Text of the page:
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Hospital proposal draws crowd

Council ponders project before standing-room only audience

Posted: September 23, 2008 8:02 p.m.
Updated: November 25, 2008 5:00 a.m.

If Henry Mayo Newhall Memorial Hospital expanded as outlined in its master plan, this is what the campus would look like from the air at project's completion.

Plans to expand Santa Clarita’s only hospital were praised and then attacked at Tuesday’s City Council meeting, as the plans returned after a year-long period of revisions.

“I think we have the right plan for the right hospital at the right time,” said hospital CEO and President Roger Seaver.

The master plan calls for a 120-bed inpatient hospital building, three medical office buildings, three above-ground parking structures, one subterranean parking structure and turn lanes added to McBean Parkway, Planning Manager Lisa Webber said in a presentation to the council.

Hospital officials vowed a year ago to strengthen the language in the development agreement at last year’s hearing to show more of a commitment to build the inpatient hospital building.

The development agreement outlines the benefits and guarantees to the community.

Hospital officials changed the development agreement to include a construction timeline that ties the construction progress of the inpatient building to the construction of the medical office building.

“Our guarantee is that before a building permit on the second medical office building can be issued, that the hospital will have to submit its plans to the state of California,” Seaver said. “That’s not a small investment.”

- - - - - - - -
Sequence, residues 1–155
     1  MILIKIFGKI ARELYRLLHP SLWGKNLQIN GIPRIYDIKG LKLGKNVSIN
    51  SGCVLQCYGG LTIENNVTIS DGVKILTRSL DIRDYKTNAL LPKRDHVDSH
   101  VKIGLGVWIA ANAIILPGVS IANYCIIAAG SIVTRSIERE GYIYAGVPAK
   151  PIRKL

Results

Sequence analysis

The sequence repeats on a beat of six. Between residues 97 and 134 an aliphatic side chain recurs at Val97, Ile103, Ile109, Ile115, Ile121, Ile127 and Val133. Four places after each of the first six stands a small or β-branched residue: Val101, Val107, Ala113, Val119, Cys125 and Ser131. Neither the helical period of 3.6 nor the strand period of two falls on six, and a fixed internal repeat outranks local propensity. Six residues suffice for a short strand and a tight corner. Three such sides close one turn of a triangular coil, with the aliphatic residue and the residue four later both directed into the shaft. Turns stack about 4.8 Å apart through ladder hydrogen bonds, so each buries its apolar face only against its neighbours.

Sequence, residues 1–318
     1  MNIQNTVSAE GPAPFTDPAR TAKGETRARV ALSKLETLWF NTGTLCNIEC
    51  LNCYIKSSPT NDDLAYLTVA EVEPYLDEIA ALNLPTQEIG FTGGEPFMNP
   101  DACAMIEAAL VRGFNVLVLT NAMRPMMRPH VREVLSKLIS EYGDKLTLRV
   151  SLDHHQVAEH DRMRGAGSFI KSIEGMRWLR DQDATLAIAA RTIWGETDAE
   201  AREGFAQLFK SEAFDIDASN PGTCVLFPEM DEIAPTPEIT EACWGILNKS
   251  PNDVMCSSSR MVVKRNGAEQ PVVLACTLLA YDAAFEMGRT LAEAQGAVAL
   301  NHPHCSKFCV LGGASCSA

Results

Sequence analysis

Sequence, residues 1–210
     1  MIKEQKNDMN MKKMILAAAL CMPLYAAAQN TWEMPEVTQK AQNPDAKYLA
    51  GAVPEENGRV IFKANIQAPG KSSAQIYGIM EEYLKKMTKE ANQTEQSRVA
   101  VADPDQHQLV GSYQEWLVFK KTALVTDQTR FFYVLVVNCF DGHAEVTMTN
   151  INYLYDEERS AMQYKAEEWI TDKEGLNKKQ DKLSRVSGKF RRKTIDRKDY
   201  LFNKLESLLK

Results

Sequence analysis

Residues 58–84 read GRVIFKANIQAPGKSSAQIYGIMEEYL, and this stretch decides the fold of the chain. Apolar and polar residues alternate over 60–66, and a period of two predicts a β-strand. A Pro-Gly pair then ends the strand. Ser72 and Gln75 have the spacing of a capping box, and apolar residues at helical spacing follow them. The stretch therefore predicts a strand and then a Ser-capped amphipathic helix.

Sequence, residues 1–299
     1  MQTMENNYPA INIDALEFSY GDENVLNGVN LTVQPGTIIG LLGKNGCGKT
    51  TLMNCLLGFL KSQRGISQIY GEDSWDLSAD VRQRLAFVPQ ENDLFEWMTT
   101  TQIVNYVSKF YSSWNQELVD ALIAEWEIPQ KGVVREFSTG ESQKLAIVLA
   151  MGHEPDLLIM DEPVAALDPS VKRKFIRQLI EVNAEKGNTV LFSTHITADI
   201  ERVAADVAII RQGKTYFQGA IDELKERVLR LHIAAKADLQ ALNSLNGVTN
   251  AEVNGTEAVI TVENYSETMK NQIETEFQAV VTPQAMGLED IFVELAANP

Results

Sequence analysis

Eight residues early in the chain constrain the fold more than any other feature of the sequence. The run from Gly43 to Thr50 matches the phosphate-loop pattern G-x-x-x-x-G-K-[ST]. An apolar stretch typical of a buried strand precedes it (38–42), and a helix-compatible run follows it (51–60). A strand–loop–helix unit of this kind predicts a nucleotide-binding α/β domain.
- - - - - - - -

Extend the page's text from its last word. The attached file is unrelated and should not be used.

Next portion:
Hospital officials stressed the importance for accommodating a growing community.

“There is no one in this room that doesn’t want this hospital to expand,” Dr. Gene Dorio, a geriatrics specialists who works at the hospital. “The outside promoters of the master plan want you to believe this community is divided using public relations and lobbyists for illusions to obscure the truth.”

It was standing-room only for the audience doctors, nurses, hospital volunteers, residents and lawyers, many wearing pins for or against the plans.

The hospital originally submitted in 2004 with a 25-year timeline. Officials scaled down the plans and changed it to a 15-year plan.

Planning Manager Lisa Webber said the medical office buildings could include doctor’s offices, outpatient services, a surgery center, diagnostic services, centers of excellence, imaging and administrative services.

“The environment we are now in is more unpredictable and uncertain than I’ve seen in years,” said Jim Barber of the Hospital Association of Southern California. “Your community is in competition to attract the best and the brightest ...

“The communities taking the more laissez-faire approach are ones losing ground."


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